6. Grella, George. “The Colonial Movie and The Man Who Would Be King,” Texas Studies in Literature and Language, Vol. 22, No. 2, Summer 1980, pp. 246–62. University of Texas Press.
  7. Siber, Mouloud (2011). "Imperial Power and the Denial of Native Authority in English Colonialist Discourse" (PDF).
  8. 1 2 3 4 5 6 7 8 9 Vera & Gordon 2003, p. 33
  9. Patteson, Richard F. "'King Solomon's Mines: Imperialism and Narrative Structure", The Journal of Narrative Technique, Vol. 8, No. 2, Spring 1978. pp. 112–23
  10. 1 2 Daneil José Older, "It’s time to take the white savior out of slavery narratives", Salon, Dec. 17, 2013 (retrieved 27 July 2016).
  11. 1 2 3 4 5 6 7 8 Berlatsky, Noah (January 17, 2014). "12 Years a Slave: Yet Another Oscar-Nominated 'White Savior' Story". The Atlantic. Retrieved May 14, 2014.
  12. 1 2 3 4 5 6 7 8 9 10 11 Goff, Keli (May 4, 2014). "Can 'Belle' End Hollywood's Obsession with the White Savior?". The Daily Beast. Retrieved May 14, 2014.
  13. Older, Daniel José. "It’s time to take the white savior out of slavery narratives", Salon, Dec. 17, 2013 (retrieved 27 July 2016).
  14. 1 2 McCoy, Dorian L.; Rodricks, Dirk J. (2015). "Critical Race Theory in Higher Education: 20 Years of Theoretical and Research Innovations". ASHE Higher Education Report. 41 (3). John Wiley & Sons. ISBN 978-1-119-11203-7. Critics contended it was yet another film showcasing a White savior with Pitt (who also produced the film) positioning himself as such.
  15. 1 2 3 4 5 6 Sirota, David (February 21, 2013). "Oscar loves a white savior". Salon.com. Retrieved May 14, 2014.
  16. Alex von Tunzelmann, "Mississippi Burning: a civil rights story of good intentions and suspect politics", The Guardian 10 April 2013 (accessed 23 September 2016)
  17. 1 2 3 4 5 6 7 8 9 10 11 12 Schultz, Jaime (2014). "Glory Road (2006) and the White Savior Historical Sport Film". Journal of Popular Film & Television. 42 (4): 205–213. doi:10.1080/01956051.2014.913001.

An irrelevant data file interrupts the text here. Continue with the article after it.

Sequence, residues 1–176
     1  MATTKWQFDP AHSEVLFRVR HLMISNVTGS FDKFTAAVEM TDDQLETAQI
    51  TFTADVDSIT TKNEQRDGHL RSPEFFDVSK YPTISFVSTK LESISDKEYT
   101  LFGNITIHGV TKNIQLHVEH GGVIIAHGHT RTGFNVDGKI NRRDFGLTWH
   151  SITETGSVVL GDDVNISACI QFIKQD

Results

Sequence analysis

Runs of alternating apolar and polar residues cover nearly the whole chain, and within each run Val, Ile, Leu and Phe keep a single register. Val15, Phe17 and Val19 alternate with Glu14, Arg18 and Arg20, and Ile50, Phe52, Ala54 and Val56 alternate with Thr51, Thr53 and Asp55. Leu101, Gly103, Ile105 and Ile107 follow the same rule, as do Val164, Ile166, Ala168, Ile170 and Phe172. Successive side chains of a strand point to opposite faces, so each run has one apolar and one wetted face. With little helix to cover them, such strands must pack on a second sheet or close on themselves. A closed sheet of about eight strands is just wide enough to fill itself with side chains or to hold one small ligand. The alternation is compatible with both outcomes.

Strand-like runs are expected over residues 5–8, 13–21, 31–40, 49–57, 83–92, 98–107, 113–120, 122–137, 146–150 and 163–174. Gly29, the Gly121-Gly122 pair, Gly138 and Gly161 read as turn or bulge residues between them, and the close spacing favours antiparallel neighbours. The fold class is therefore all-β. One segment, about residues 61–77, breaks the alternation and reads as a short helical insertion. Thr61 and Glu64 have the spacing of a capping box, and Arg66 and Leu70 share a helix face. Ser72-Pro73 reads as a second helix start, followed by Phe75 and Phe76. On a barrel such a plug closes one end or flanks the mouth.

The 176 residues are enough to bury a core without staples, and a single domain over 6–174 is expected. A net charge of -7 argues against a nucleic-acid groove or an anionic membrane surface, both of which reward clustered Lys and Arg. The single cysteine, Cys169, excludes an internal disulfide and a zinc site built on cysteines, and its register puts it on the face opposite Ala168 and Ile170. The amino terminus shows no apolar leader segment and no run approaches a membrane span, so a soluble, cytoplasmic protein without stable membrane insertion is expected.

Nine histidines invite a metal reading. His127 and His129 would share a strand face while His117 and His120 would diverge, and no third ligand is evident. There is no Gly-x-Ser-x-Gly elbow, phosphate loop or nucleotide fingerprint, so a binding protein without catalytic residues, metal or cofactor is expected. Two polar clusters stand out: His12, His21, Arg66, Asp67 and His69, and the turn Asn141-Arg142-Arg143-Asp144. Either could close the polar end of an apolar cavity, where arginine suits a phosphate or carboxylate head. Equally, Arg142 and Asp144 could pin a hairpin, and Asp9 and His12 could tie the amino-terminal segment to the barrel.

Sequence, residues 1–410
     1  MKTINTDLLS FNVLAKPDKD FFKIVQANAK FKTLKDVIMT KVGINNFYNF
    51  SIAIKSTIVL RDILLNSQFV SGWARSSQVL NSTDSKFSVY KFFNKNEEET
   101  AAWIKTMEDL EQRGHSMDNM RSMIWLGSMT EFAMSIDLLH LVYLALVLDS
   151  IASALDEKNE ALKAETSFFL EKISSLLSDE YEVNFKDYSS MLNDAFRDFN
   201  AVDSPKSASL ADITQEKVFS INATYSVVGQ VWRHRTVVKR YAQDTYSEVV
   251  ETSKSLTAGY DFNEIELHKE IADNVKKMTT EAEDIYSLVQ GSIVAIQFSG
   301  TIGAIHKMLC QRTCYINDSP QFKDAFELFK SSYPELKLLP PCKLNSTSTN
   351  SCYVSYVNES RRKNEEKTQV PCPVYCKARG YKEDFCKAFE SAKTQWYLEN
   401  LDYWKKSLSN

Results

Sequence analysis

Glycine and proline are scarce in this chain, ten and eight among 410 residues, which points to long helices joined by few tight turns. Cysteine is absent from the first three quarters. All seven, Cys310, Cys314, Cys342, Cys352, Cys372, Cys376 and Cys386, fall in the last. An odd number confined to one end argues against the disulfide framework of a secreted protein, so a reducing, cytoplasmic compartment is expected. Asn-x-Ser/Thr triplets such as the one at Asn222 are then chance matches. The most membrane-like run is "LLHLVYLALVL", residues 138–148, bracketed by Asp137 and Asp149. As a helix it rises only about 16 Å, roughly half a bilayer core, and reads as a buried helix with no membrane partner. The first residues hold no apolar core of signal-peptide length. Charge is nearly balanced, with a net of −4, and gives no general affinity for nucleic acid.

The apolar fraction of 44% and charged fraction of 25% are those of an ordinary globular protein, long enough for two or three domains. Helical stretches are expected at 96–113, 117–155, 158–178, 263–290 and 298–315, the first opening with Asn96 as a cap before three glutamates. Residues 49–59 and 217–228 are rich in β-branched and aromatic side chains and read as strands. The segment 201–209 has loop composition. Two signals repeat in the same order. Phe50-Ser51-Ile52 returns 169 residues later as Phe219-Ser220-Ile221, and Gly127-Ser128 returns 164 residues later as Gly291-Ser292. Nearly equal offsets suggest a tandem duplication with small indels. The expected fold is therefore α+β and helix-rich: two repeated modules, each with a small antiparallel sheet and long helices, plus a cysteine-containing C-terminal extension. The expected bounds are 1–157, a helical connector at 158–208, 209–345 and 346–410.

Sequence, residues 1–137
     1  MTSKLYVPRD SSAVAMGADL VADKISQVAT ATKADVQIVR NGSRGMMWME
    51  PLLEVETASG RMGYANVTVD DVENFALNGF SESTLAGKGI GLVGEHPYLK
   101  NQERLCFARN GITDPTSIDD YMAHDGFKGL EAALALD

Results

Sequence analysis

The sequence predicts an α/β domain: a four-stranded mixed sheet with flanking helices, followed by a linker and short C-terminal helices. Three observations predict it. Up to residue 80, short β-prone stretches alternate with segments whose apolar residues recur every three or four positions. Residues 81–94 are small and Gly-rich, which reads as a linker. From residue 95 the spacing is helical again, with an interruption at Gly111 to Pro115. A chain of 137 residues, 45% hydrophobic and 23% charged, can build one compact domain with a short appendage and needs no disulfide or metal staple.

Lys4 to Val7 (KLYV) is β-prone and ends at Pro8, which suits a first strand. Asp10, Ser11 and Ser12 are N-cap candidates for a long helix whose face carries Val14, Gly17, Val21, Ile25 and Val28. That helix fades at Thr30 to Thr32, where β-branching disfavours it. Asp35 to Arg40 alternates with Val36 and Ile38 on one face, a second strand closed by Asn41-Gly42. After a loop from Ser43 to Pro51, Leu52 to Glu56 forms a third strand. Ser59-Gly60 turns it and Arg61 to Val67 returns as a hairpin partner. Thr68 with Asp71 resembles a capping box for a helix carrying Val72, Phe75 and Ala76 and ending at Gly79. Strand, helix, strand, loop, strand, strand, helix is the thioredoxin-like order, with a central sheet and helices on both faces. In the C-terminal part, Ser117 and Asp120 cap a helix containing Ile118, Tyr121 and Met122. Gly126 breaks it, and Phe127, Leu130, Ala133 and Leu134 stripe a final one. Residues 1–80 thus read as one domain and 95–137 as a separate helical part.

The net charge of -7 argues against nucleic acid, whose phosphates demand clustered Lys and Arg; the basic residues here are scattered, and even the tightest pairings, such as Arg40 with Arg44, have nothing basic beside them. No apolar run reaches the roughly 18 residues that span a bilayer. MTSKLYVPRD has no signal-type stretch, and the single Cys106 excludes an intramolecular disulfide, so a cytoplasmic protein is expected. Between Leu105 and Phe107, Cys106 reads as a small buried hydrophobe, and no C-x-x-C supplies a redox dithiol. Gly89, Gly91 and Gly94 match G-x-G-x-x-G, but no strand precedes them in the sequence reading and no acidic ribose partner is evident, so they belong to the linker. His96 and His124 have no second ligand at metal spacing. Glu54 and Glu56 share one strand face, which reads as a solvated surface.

18. 1 2 3 4 Kilkenny, Katie (February 25, 2015). "The Troublesome Rebirth of the Kevin Costner Everyman". The Atlantic. Retrieved February 28, 2015.
  19. 1 2 3 Scott Tobias, "McFarland USA", The Dissolve, 19 February 2015 (accessed 23 February 2016)
  20. 1 2 3 Steve Farber, "McFarland, USA: Film Review", Hollywood Reporter, 4 February 2015 (accessed 23 February 2016)
  21. 1 2 3 Kenneth Turan, "Review 'McFarland, USA' is an inspiring, fleet-footed tale", L.A. Times, 19 February 2015 (accessed 23 February 2016)
  22. 1 2 3 Bilge Ebiri, "McFarland, USA Should Be a Terrible Movie, But It Will Win You Over", Vulture, 20 February 2015 (accessed 23 February 2016)
  23. 1 2 3 4 Hughey, Matthew W. (Fall 2010). "The White Savior Film and Reviewers' Reception". Symbolic Interaction. Wiley. 33 (3): 475–496. doi:10.1525/si.2010.33.3.475. (abstract)
  24. 1 2 Fitzgerald, Kathleen (2014). Recognizing Race and Ethnicity: Power, Privilege, and Inequality. Westview Press. p. 364. ISBN 978-0-8133-4931-2.
  25. Katherine Kingsle, "Does My Hero Look White In This: Hollywood’s White Saviour Complex", The Artifice 15 June 2013 (accessed 17 July 2016)